Sci-fi fans eager for a first look at BBC One’s latest adaptation of HG Wells’ The War of the Worlds have had to be patient, but the show is finally here – around two-and-a-half years after it was first announced.
The series, which stars Eleanor Tomlinson, Rafe Spall, Robert Carlyle and Rupert Graves, will unfold over the next three Sundays as Britain is hit by an alien invasion that threatens life across the nation.
One question which may well be on viewers’ minds as they watch the deadly Martians attack Edwardian England is what locations were used in filming – and we’re here to answer that query.
Where is the War of the Worlds set?
In the original book, the bulk of the action takes place in Woking in Surrey – where Wells was based at the time of writing – and in various places throughout London. And although the series is ostensibly based in the same locations, most of the filming was actually carried out elsewhere.
Which locations were used?
Andrew Bainbridge, the locations manager for the three-part series, explained to RadioTimes.com that most of the shooting of London locations was done in Liverpool – and he said that the city is often his first choice for filming.
He said: “The film office here [in Liverpool] is exceptional for putting you in the right places and getting in touch with the right people. Steven Spielberg always likes to film in Britain if he can – I would always come to Merseyside if I could!
“The city is such a wealth of fantastic locations supported so well by the film office!”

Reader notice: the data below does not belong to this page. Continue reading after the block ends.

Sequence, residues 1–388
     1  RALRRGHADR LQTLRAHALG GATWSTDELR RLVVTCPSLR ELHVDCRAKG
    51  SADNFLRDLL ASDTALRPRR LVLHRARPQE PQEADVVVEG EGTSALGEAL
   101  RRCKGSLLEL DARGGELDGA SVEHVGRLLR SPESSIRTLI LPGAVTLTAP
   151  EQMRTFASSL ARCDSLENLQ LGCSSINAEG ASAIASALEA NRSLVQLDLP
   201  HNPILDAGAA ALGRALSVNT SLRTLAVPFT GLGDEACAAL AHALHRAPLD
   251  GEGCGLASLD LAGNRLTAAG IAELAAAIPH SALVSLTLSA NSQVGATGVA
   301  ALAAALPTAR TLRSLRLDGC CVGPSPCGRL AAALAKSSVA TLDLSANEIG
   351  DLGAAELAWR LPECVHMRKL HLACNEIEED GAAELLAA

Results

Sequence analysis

Peter Harness, who wrote the series, added that Liverpool offered all the landscapes that the team needed – a view backed up by director Craig Viveiros, who listed the city’s benefits as, “the sort of architecture you have in close proximity, and being able to close it off to shoot – to dress it, to bring the horse and carts in.”
Liverpool was not suitable for all of the shoot, however, and some of the locations were rather difficult to come by. The alien capsule scenes were shot at Ainsdale Nature Reserve, which was chosen after a lengthy search for a Martian landing site – with Bainbridge explaining that the site was the only one in the entire country to say yes.
Viveiros said of the nature reserve, “We were very responsible! And it was somewhere where the heather actually needed to be burnt, so they were welcoming us.”
Meanwhile the village of Great Budworth in Cheshire moonlighted as Woking for the series – and according to Bainbridge this presented the biggest challenge.
Speaking to RadioTimes.com, he said: “The most challenging part of the shoot was in Great Budworth – the village. We filmed there when it was very nice – pre-Martian attack. And then… post-Martian attack.
“The challenge there was to bring all the villagers onside. We were going to be there for three weeks. We had to completely close the village traffic. That was quite a number!”
The War of The Worlds airs 9pm on Sundays (starts 17th November) on BBC One.